When multi-disciplinary firm studiogoto was tasked to design a showroom for a tile retailer, its designers did not go for the typical look, where tiles are presented in swatches or stuck on panels.
Instead, they used the products sold by their client, tile and stone specialist Rice, in the design. Tiles of different colours and patterns, for instance, adorn the walls of riceLAB, a four-storey showroom of Rice.
The second level, in particular, is done up like a hotel suite, so customers can see how tiles can be used with other materials.
Ms Kimberly Toh, 46, architect and co-partner at studiogoto, says the designers wanted riceLAB to look different from traditional showrooms.
She says: "Using the tiles the way we did demonstrates their possibilities. Home owners and designers who come to the showroom can also visualise better."
The project also caught the eye of the judges at this year's Design Excellence Awards and they gave it a gold.
The annual awards, handed out on Thursday night, recognise the best of local and regional design in commercial, residential and public design categories.
The event is organised by Interior Design Confederation Singapore and supported by the DesignSingapore Council. It is open to practitioners and students in Singapore and the Asia-Pacific region.
The awards are divided into two categories: Industry Design Excellence Awards (I-DEA) for interior designers and firms; and Spatial Design Awards (Spade) for students pursuing spatial design-related disciplines.
In both categories, projects are placed inthe Singapore or AsiaPacific category. Subsequently, they compete in areas such as Retail Design, F&B Design and Residential Design.
Under the I-DEA umbrella, the categories are then whittled down further into niche areas, defined by size or type of project.
There was a bumper crop of 118 winners at this year's awards, held for the fourth time. There were 280 submissions from Singapore and the Asia-Pacific region, including Japan, Australia and Indonesia.
The projects were first shortlisted, then the judges decided if they would be given gold, silver or bronze awards. There can be more than one winner in the same band.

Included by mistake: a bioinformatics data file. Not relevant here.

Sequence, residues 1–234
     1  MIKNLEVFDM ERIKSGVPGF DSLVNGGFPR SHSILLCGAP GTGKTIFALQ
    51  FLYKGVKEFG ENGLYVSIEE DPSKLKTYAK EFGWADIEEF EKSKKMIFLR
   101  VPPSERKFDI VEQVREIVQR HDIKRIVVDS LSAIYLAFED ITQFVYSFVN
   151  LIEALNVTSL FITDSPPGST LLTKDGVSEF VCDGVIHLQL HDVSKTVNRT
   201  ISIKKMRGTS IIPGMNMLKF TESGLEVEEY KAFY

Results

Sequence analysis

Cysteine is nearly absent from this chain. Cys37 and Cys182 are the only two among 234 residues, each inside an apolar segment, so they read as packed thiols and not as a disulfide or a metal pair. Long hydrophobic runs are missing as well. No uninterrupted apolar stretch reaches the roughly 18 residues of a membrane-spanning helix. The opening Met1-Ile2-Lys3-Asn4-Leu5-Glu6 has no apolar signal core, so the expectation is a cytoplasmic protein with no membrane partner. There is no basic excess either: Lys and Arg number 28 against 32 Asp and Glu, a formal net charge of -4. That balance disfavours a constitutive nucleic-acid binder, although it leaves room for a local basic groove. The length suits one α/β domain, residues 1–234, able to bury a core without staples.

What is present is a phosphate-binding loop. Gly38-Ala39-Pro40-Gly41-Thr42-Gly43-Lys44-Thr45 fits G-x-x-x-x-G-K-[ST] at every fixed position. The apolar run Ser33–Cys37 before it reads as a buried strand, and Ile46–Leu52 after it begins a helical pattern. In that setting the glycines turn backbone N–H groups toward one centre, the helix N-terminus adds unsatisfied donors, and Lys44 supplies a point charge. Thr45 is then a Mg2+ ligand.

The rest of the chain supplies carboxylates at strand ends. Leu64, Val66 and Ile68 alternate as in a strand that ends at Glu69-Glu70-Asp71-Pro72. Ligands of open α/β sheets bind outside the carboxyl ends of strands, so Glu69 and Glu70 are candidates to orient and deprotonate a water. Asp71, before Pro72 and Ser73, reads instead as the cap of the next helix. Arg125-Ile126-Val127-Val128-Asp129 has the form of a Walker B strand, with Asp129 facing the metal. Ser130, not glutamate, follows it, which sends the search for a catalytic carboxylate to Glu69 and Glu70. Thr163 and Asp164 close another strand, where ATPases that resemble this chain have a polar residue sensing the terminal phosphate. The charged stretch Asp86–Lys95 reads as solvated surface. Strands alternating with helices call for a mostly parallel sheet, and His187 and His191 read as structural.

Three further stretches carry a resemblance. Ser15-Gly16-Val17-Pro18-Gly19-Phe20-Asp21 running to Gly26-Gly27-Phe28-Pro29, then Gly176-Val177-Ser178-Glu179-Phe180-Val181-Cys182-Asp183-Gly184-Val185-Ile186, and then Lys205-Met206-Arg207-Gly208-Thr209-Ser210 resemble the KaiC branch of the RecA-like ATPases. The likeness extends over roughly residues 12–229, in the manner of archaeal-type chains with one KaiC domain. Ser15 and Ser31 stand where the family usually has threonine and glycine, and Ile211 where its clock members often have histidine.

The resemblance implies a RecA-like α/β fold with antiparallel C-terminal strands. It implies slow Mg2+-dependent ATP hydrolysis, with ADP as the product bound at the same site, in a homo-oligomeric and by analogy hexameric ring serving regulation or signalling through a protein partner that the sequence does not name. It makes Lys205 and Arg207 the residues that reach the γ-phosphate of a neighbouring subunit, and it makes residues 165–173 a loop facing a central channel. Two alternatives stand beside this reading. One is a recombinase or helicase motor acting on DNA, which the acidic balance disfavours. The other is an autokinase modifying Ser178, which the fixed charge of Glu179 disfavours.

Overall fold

The judging criteria included the "wow factor" of the design concept, site context and how the design works around challenges and constraints.
Chief judge Natalie Louey, who specialises in hospitality design and works at interior design practice Geyer, says she has seen design standards improve since she was last a judge in 2014.
She adds: "The designers had firmer ideas of what they wanted to do with their designs and were able to balance their aspirations with the outcomes."
The firm studiogoto was a double winner. Apart from the gold award in Retail Design sub-category "Best Above 5,000sq ft" for riceLAB, it also clinched silver for the interiors of Aria Villas Ubud in Bali in the "Hospitality Design Under 50 Rooms: Boutique Hotels, Serviced Apartments" sub-category.
Inspired by the charming colonial Meyer House building at Changi Civil Service Club, Super Fat Designs, a five-year-old multi-disciplinary interior firm, designed a restaurant-bar that looks out at the sea.
Mr Lin Weizhang, 39, the firm's principal, says the win was a surprise. It was the first time the company had submitted projects to the awards.
He adds: "Looking at the high quality of last year's wins, we wanted to join to see where we would stand. It's a good way to benchmark ourselves."
Article by Natasha Ann Zachariah. Orignally appeared in the print edition of The Straits Times on October 29, 2016.